Oh, yeah. And even within the metal community. There's so much to learn, and that's what I love about it. The playing is so closely related—I know this is going to sound funny—to classical music. It's the same chops. Because you have to be so quick and so fast and so on top of what you're doing.

Do you think metal is becoming more of a presence at Berklee?

Absolutely. [Students] Ivan Chopik and John Forrestal started the metal ensemble last year. They worked toward it; it didn't just come out of nowhere. When I came here, metal seemed to be a very small thing. There was only one ensemble. It was built from the ground up, and now people are really respecting it more. Now that we're out there, we play a BPC show every semester.

Tell me about your own band.

I just started a symphonic metal band, and hopefully we'll be playing gigs outside. Before I came to Berklee I'd always been by myself singing. I worked with producers and stuff but never with a group of people being creative. I was determined from the moment I came here to start a symphonic band from the States. Last semester, a new group of metal ensemblers came in, and a lot of us really clicked well. Our entire gang is composed of people who have been in the ensembles, including two female vocalists. I'm doing lead vocals and Annie plays guitar as well as does harmonies and screaming vocals. There isn't a band that I know of that has two female vocalists in metal, especially not one who plays guitar. There's also a guy, Jason Lim from Scotland, who plays MIDI guitar, electric violin, and MIDI violin and keys—all at the same time. Our drummer's from Venezuela and our bass player and our other guitarist are from the States. It's like we're creating this genre of music. It's funny, because for people who tend to not know metal, it's just metal to them. It's in-your-face loud metal. But there are so many different sub-genres. We couldn't figure out what to even call it. We came up with symphonic tech death metal.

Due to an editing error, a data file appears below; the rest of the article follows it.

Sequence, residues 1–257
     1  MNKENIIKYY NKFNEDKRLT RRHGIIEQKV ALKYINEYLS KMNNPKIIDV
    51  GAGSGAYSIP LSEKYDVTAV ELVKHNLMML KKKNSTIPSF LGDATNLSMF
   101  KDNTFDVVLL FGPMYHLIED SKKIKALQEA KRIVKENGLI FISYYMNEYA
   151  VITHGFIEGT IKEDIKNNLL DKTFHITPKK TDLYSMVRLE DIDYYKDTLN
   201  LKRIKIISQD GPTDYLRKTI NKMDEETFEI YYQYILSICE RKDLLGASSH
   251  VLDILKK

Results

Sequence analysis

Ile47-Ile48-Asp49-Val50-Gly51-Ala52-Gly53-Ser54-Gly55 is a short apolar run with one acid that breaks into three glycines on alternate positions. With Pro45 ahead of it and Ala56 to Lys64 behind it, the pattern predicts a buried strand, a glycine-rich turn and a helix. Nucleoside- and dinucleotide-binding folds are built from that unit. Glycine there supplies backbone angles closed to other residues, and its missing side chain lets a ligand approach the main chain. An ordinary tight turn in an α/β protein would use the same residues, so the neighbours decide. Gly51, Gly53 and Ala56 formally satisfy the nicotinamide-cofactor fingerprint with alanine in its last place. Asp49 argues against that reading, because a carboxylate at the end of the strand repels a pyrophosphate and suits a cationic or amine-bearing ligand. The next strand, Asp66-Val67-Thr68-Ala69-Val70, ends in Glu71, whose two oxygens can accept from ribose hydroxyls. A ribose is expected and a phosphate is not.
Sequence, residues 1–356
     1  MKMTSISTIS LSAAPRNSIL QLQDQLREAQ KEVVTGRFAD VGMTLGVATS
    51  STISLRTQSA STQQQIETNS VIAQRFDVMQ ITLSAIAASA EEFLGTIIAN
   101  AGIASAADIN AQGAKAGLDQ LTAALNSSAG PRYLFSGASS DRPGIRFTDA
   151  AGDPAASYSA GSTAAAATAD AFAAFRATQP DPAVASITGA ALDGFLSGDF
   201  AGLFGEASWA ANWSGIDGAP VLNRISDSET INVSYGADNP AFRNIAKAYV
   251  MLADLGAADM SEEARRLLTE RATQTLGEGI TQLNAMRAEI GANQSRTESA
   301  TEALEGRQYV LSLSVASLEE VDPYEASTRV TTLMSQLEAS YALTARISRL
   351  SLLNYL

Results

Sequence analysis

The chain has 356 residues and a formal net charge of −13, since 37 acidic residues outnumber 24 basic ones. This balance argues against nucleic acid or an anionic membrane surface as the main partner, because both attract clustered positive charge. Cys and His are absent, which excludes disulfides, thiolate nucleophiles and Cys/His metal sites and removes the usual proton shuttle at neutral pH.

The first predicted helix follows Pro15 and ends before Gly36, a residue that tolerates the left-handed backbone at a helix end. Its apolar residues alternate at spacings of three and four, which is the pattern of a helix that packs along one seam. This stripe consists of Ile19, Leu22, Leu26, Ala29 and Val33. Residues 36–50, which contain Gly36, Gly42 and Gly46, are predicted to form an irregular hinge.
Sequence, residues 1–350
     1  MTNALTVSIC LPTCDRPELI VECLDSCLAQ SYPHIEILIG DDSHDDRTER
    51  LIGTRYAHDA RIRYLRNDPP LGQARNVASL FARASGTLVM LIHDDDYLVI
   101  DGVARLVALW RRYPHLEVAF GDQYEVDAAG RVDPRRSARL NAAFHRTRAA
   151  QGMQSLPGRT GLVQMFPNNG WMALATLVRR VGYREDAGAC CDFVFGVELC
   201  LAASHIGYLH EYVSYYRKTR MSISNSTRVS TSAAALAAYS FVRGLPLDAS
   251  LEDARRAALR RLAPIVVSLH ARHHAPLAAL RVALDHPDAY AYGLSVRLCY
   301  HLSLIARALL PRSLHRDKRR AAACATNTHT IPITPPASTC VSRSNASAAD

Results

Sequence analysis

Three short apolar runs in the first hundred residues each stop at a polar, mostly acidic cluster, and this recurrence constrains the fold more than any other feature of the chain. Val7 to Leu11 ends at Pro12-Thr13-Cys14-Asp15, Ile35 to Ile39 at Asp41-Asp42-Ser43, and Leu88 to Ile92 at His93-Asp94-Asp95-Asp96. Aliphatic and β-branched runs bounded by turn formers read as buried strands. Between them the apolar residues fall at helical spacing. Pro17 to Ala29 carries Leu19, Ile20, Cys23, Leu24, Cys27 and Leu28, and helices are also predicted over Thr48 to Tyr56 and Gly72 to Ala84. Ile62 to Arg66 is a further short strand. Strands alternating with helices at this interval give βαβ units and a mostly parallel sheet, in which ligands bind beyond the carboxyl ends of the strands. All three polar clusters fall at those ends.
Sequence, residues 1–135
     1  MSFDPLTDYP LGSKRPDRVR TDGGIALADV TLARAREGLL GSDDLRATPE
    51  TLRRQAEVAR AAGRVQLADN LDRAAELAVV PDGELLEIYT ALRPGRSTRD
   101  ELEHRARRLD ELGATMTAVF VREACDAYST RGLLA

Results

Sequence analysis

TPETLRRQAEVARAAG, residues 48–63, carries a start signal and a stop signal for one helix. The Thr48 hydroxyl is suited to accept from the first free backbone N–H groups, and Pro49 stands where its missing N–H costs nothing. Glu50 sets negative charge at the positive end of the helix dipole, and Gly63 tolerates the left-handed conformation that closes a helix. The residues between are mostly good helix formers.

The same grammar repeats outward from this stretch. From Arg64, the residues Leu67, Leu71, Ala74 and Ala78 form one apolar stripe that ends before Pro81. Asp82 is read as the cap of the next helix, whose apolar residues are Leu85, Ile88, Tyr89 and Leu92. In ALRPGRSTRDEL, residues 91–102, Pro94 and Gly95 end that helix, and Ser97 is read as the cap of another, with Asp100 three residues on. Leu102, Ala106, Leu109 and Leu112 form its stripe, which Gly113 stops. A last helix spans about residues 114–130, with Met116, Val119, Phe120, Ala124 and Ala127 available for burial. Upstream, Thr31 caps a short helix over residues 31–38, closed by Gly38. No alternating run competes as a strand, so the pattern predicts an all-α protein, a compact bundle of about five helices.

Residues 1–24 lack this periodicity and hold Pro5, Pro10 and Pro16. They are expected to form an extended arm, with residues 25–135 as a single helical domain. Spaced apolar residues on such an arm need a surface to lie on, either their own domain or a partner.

How has Berklee helped you grow your newfound passion?

There are two types of singers: singers who are singers and singers who are musicians—who really understand what they're singing and also compose and do lots of other stuff. I think before I came here I was a singer who was a singer. I think Berklee's made me a singer who's also a musician. I use my voice as a creative tool now. I can improvise. I can hear notes. I could never do that before. I didn't know anything about theory before I came here. Now I'm writing on my free time. I think Berklee's really given that to me—enjoying the art that is writing music for the sake of understanding it and loving it.

What made you decide to study film scoring?

Danny Elfman is a film composer who works with Tim Burton a lot. He did The Nightmare Before Christmas. I sang one of those songs for my audition for Cirque du Soleil. I've had a passion for film music my entire life and always composed. When I started getting into symphonic metal, I realized a lot of the writing that goes into that is similar to writing for film. I also have a love for film. It was taking all these things I love and combining them.

Since coming to Berklee, my passion for composing, as well as my knowledge of instruments and writing, has just expanded so much. It went from zero to sixty in two years.

As if that isn't enough...

I'm also in the Celtic Ensemble. I love world music, which is another reason why I love metal, especially symphonic metal, because it comes from Europe. I grew up singing in other languages, traveling the world, and then being involved with Cirque, influenced by other cultures. I love singing things where you get to improvise in weird keys and things like that. So, going into Celtic music, I love the scales and the types of music and the instruments. It's very old world to me and I love it. I'm very drawn to being in an ensemble where I can sing in Gaelic.

Tori's Top Five Metal Bands

  • Within Temptation
  • Epica 
  • Opeth
  • The Devin Townsend Project
  • Dimmu Borgir